US Stamps

Celebrate the Century Express train memories from 1999

Jan 4, 2022, 1 PM
The United States Postal Service used this artwork of the Celebrate the Century Express train on media kits, cacheted covers and more.

Philatelic Foreword by Jay Bigalke

The two train articles in the Jan. 17, 2022, issue of Linn’s (Great Britain Philately, page 12, and Swiss Stamp Scene, page 56) sent me on a reminiscing trip back to June 11, 1999. I was 17 at the time, and I had volunteered at the Oshkosh, Wis., stop of the United States Postal Service’s Celebrate the Century Express train. It was one of the first times I helped to postmark stamps at an event for the Postal Service.

As seasoned cover collectors know, collectors can postmark items as long as a postal employee supervises.

The Postal Service needed a hand at many events across the country as it rolled out the Celebrate the Century Express train in partnership with Amtrak. The 18-month tour spanned 1999 and 2000.

Paul Schroeder, a member of the Oshkosh Stamp Club, wrote about the event in the September 1999 issue of Across the Fence Post, published by the Wisconsin Federation of Stamp Clubs.

“For train buffs and postal history fans, the train was a perfect event,” Schroeder wrote. “They enjoyed the modern Amtrak P42 Genesis series diesel locomotive, the historic observation passenger car, the Southern Railroad No. 36 railway post office car, and the special postmark offered in each city.”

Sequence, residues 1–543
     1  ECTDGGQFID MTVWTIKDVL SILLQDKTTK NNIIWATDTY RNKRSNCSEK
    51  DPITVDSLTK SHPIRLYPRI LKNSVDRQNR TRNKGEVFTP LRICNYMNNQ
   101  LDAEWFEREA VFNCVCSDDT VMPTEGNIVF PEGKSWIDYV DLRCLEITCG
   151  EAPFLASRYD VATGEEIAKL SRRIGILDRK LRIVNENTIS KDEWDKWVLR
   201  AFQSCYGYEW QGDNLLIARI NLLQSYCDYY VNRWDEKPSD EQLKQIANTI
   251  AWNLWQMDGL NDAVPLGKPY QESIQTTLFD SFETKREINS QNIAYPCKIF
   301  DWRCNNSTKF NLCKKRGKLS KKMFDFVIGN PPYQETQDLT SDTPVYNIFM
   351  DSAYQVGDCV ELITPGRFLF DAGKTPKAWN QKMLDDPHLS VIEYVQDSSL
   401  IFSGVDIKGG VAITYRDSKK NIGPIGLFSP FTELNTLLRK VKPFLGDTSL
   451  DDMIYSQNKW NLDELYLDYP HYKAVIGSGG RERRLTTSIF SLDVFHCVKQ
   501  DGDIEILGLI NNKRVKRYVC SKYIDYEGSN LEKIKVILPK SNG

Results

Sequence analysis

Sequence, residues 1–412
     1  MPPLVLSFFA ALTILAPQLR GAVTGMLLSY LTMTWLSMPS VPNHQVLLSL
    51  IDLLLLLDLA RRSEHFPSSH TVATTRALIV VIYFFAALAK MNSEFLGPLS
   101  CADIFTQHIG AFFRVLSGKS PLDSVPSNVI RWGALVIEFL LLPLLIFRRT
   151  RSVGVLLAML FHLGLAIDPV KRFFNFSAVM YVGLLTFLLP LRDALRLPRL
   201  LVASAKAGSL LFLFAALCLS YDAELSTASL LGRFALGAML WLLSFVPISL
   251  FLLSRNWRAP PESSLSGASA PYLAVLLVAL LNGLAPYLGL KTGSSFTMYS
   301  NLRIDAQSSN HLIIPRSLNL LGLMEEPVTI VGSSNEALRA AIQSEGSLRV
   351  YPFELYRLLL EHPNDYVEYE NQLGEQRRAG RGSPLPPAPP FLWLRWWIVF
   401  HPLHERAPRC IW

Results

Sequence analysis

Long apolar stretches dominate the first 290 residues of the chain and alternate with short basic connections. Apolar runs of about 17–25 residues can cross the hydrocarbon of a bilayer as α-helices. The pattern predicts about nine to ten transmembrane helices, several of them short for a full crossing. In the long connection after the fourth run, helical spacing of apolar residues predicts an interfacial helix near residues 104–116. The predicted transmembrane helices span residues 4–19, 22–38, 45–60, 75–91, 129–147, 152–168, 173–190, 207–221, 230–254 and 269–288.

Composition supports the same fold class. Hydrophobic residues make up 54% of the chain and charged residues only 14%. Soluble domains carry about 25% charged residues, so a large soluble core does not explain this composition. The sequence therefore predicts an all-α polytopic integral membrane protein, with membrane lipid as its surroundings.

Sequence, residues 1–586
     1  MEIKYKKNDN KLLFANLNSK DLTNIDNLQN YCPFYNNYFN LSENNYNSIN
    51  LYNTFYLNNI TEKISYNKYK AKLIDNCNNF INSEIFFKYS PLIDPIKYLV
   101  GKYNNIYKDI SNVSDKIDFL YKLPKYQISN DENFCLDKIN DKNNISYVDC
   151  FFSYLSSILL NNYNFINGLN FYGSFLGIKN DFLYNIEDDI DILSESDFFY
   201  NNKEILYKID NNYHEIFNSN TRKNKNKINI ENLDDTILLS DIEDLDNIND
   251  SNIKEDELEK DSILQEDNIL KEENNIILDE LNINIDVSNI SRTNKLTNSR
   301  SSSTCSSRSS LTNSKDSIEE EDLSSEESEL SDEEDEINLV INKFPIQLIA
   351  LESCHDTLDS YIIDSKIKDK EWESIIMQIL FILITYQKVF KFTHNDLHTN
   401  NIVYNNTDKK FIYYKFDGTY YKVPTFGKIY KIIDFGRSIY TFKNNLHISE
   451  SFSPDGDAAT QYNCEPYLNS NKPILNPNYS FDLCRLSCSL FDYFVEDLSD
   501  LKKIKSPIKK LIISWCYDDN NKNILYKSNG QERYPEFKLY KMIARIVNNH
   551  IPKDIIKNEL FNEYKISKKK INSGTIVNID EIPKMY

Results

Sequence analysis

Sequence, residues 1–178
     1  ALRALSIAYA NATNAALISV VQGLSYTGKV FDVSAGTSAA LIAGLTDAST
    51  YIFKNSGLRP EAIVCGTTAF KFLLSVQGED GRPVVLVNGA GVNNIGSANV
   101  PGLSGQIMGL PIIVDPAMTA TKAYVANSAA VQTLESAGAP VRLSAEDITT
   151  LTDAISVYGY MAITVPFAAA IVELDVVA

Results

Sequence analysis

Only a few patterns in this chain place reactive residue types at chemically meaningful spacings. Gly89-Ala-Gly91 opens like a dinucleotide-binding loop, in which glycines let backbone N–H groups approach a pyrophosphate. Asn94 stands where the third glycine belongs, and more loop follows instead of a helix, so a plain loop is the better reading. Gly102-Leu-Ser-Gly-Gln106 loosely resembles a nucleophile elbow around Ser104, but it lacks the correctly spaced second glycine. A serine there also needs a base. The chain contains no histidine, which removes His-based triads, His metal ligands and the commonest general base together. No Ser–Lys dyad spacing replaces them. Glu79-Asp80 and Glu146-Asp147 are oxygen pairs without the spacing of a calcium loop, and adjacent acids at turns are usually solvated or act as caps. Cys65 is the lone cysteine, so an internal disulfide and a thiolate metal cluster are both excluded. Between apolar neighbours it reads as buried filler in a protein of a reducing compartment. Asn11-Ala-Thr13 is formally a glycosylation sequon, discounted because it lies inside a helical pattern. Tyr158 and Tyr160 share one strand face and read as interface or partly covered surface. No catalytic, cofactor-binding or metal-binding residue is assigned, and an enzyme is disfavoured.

Volunteers were critical to the success of the stops because 10 employees and 40 volunteers were needed at each one.

I fondly remember canceling covers with Schroeder and others from the Oshkosh Stamp Club.

Two postmarks were offered. One pictured the train and the Celebrate the Century logo. The other was a steel Railway Post Office cancel designed to resemble an RPO cancel from an earlier time.

What was also memorable about the stop was talking with former RPO clerks and hearing about their work in catching the mail on the fly.

“There was a special glow on the faces of these retired employees, having been called back as the experts in their craft no longer needed today,” Schroeder wrote.

The wooden train whistle I purchased at the event sits proudly at my study at home, and I still have the staff T-shirt that I wore.

And for collectors that might have missed the train when it was around, souvenirs are available in the secondary market. You just have to search and continue to look for them.

Most influential issue

In the Sept. 20, 2021, issue of Linn’s we announced the upcoming publication Most Influential Philatelists and Their Epic Stamp Stories. This 2022 edition will recognize a number of individuals who have had an impact on the hobby in the past couple of decades.

It was originally scheduled to be a separate magazine shipping with the Jan. 17 edition, but because of paper supply issues, the publication will be released along with the March 21 issue.

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